Artvoice: Buffalo's #1 Newsweekly
Home Blogs Web Features Calendar Listings Artvoice TV Real Estate Classifieds Contact
Previous story: Film Now Playing
Next story: Gyms Closed Friday for the Gloves

See You There!

Artvoice's weekly round-up of featured events, including our editor's picks for the week: Sound and Revision: A Tribute to David Bowie, this Friday the 13th at Nietzsche's, with partial proceeds to benefit Give For Greatness.

If you haven't already, be sure to check out our full events calendar on-line for complete event listings, a location guide to find your way about the city, restaurant reviews, and more.

Sound and Revision

Friday, April 13

David Bowie was androgynous before androgyny was cool. But dressing up like a trans-gendered astronaut grazes just one of many persona’s forged by Major Tom, or Ziggy or David—whichever you prefer. Following an interplanetary breakthrough with the 1969 chart topper Space Oddity, Bowie’s schizophrenic reinvention on successive releases became customary. This Friday’s (April 13) Buffalo Bowie Tribute Show: Sound and Revision at Nietzsche’s —a benefit for the Give For Greatness Campaign featuring The Irving Klaws, Erie Lackawanna Railroad, David Kane, Pine Fever, The Moves, Jen Whit, Megan Callahan, Sea Snake Vs., and DropD—walks you through the music that shaped the artist’s eccentric career. For those unfamiliar with the characters behind each album, here’s a guide to the many ch-ch-ch-changes of David Bowie:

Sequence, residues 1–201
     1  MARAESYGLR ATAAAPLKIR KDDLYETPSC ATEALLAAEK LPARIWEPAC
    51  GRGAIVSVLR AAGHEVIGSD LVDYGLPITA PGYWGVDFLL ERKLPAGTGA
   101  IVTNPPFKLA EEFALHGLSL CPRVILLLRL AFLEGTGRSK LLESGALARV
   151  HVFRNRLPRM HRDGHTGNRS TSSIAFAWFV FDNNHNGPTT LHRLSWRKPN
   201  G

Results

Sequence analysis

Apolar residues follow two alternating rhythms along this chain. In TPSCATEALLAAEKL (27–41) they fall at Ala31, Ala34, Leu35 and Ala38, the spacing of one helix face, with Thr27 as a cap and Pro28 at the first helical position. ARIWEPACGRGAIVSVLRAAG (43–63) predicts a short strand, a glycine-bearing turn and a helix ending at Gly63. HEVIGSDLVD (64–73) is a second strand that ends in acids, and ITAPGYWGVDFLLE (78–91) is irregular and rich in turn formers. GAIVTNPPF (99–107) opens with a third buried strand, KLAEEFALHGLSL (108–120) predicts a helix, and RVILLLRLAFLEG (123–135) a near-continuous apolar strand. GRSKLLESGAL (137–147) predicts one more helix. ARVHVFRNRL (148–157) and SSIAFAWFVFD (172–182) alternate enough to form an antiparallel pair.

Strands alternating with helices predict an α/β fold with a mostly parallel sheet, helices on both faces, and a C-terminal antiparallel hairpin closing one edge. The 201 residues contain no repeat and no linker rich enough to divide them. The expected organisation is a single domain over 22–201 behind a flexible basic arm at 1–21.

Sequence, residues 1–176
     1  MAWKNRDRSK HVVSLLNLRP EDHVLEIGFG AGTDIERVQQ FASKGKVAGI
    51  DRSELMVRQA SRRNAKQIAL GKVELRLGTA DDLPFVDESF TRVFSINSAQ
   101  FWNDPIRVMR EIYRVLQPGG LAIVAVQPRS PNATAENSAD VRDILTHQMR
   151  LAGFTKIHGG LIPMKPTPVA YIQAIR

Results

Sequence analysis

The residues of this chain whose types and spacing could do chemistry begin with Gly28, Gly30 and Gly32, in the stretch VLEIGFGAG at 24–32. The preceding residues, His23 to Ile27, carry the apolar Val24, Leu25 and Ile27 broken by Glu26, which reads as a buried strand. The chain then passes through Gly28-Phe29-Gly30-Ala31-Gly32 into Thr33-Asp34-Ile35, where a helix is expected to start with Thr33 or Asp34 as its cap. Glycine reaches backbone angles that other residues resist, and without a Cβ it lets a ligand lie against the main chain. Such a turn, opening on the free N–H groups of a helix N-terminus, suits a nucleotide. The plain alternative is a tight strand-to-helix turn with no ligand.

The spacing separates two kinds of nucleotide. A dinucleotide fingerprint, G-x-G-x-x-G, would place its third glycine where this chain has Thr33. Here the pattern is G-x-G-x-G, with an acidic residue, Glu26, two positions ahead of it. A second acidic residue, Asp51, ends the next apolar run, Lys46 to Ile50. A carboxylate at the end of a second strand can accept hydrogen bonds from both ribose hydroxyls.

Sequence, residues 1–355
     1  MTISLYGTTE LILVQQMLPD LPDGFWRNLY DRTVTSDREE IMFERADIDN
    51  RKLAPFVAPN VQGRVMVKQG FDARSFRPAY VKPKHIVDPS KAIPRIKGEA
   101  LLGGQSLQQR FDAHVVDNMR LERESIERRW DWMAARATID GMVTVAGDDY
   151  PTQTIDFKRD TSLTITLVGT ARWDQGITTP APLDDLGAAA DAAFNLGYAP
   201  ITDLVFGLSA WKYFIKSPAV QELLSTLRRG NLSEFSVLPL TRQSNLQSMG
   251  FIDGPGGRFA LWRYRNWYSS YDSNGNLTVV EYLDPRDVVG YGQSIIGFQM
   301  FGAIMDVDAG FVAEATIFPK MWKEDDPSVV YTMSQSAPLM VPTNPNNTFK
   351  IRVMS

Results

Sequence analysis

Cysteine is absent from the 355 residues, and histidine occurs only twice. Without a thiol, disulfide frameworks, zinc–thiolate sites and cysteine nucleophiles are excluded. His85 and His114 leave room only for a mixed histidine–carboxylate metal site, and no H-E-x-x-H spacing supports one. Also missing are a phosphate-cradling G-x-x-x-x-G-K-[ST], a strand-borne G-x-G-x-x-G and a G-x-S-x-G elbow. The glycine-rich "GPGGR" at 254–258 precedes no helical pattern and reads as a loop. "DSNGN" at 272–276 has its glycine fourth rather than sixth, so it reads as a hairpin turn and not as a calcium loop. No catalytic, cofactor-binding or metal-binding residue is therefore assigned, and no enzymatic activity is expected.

David Bowie (1967)—Emerging as a pasty-faced Londoner with a passion for show-tunes, Bowie’s character on his debut album was not only his most authentic, but also his bleakest from a latter fan’s perspective. The album, released on the same day as The Beatle’s Sgt. Pepper’s Lonely Heart Clubs Band, was a commercial failure. It contained trace amounts of the extroversion and peculiarity that characterized the musician’s later releases and did little by way of popularizing the now intergalactic rock-star.

David Bowie/Space Oddity (1969/1972)—Bowie’s follow-up to his less than successful debut displayed a twinge of the madness lurking beneath the boyish incorruptibility of his prior release—made apparent in comparing each album’s cover art. The album suffered from an identity crisis, much like the album’s creator; it first released in the U.K. titled David Bowie, then in the U.S as Man of Words/Man of Music, and finally re-released as Space Oddity by RCA records in 1972. Space Oddity marks the first mention of perhaps Bowie’s most infamous persona, the junkie, Major Tom.

Hunky Dory (1971)—With 1970’s The Man Who Sold the World, cross-dressing seemed like a skirt Bowie was trying on for size. But what began as an experiment in sampling women’s clothing turned into full-fledge transvestitism on Hunky Dory. Bowie skipped the highly emotional teenage developmental stages heading straight for mid-wife status on this cover. The album marked the birth of the band that would evolve into Ziggy Stardust’s Spiders from Mars on Bowie’s following album.